ABSTRACT: The temperature responses of sulfate-reducing microbial communities were used as community temperature characteristics for their in situ temperature adaptation, their origin, and dispersal in the deep sea. Sediments were collected from a suite of coastal, continental shelf, and slope sediments from the southwest and southeast Atlantic and permanently cold Arctic fjords from water depths ranging from the intertidal zone to 4327 m. In situ temperatures ranged from 8 °C on the shelf to -1 °C in the Arctic. Temperature characteristics of the active sulfate-reducing community were determined in short-term incubations with 35S-sulfate in a temperature gradient block spanning a temperature range from 0 to 40 °C. An optimum temperature (Topt) between 27 °C and 30 °C for the South Atlantic shelf sediments and for the intertidal flat sediment from Svalbard was indicative of a psychrotolerant/mesophilic sulfate-reducing community, whereas Topt ≤20 °C in South Atlantic slope and Arctic shelf sediments suggested a predominantly psychrophilic community. High sulfate reduction rates (20-50%) at in situ temperatures compared to those at Topt further support this interpretation and point to the importance of the ambient temperature regime for regulating the short-term temperature response of sulfate-reducing communities. A number of cold (<4 °C) continental slope sediments showed broad temperature optima reaching as high as 30 °C, suggesting the additional presence of apparently mesophilic sulfate-reducing bacteria. Since the temperature characteristics of these mesophiles do not fit with the permanently cold deep-sea environment, we suggest that these mesophilic microorganisms are of allochthonous origin and transported to this site. It is likely that they were deposited along with the mass-flow movement of warmer shelf-derived sediment. These data therefore suggest that temperature response profiles of bacterial carbon mineralization processes can be used as community temperature characteristics, and that mixing of bacterial communities originating from diverse locations carrying different temperature characteristics needs to be taken into account to explain temperature response profiles of bacterial carbon mineralization processes in sediments.Biogeosciences 08/2012; 9(8):3425-3435. DOI:10.5194/bg-9-3425-2012 · 3.75 Impact Factor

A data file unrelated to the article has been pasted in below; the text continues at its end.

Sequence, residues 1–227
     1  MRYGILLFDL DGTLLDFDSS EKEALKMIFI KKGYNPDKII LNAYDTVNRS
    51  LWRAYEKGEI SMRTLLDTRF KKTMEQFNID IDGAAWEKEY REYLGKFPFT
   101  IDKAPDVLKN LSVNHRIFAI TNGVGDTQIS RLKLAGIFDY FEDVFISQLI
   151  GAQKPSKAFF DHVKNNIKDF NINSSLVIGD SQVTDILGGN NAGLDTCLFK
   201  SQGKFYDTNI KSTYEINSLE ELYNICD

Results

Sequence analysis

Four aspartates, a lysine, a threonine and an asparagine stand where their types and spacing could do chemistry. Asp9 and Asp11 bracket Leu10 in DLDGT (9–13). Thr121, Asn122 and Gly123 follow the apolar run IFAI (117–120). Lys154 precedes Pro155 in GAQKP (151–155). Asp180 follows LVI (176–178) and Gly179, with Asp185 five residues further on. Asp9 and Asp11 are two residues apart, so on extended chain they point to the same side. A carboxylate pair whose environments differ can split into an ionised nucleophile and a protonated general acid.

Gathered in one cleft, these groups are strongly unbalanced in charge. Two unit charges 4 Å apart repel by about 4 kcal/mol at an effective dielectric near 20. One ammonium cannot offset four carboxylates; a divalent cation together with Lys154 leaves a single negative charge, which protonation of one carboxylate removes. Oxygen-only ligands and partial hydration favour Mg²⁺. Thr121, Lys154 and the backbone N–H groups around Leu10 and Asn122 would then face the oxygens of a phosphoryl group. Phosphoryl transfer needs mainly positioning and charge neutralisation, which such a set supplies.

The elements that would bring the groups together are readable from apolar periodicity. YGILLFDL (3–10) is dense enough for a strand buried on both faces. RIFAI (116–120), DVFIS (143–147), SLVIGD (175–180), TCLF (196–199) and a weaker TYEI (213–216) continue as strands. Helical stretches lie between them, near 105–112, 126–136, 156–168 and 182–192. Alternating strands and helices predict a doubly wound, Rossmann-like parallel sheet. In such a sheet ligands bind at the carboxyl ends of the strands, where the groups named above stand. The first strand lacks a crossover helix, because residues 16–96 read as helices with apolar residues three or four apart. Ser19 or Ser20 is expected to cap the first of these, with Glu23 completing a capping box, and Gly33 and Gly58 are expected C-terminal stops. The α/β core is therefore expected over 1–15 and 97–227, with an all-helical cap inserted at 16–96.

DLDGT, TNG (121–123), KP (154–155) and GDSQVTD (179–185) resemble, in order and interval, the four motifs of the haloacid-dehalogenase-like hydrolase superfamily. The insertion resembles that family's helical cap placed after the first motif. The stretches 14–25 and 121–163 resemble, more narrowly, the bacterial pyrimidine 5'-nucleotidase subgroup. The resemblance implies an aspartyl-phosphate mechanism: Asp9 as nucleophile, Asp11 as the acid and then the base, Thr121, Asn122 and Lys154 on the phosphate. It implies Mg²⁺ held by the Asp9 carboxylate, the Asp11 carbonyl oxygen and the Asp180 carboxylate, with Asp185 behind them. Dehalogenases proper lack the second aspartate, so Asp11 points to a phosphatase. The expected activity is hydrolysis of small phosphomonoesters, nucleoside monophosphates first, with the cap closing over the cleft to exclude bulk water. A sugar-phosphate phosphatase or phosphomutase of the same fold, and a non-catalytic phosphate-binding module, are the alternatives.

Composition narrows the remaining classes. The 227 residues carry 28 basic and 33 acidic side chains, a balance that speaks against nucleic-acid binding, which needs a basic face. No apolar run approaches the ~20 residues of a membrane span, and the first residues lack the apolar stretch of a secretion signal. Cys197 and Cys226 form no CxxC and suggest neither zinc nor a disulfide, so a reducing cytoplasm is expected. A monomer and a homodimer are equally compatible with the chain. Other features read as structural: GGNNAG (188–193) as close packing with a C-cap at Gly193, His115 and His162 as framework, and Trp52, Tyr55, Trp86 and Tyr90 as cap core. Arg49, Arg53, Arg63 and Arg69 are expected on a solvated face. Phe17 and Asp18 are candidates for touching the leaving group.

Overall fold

- [Show abstract] [Hide abstract]
ABSTRACT: Shewanella violacea DSS12, a deep-sea bacterium, produces eicosapentaenoic acid (EPA) as a component of membrane phospholipids. Although various isolates from the deep sea, such as Photobacterium profundum SS9, Colwellia psychrerythraea 34H and various Shewanella strains, produce EPA- or docosahexaenoic acid-containing phospholipids, the physiological role of these polyunsaturated fatty acids remains unclear. In this article, we illustrate the physiological importance of EPA for high-pressure adaptation in strain DSS12 with the help of an EPA-deficient mutant (DSS12(pfaA)). DSS12(pfaA) showed significant growth retardation at 30 MPa, but not at 0.1 MPa. We also found that DSS12(pfaA) grown at 30 MPa forms filamentous cells. When an EPA-containing phospholipid (sn-1-oleoly-sn-2-eicosapentaenoyl phosphatidylethanolamine) was supplemented, the growth retardation and the morphological defect of DSS12(pfaA) were suppressed, indicating that the externally added EPA-containing phospholipid compensated for the loss of endogenous EPA. In contrast, the addition of an oleic acid-containing phospholipid (sn-1,2-dioleoyl phosphatidylethanolamine) did not affect the growth and the morphology of the cells. Immunofluorescent microscopic analysis with anti-FtsZ antibody revealed a number of Z-rings and separated nucleoids in DSS12(pfaA) grown at 30 MPa. These results demonstrate the physiological importance of EPA for the later step of Z-ring formation of S. violacea DSS12 under high-pressure conditions.Environmental Microbiology 04/2011; 13(8):2293-8. DOI:10.1111/j.1462-2920.2011.02487.x · 6.24 Impact Factor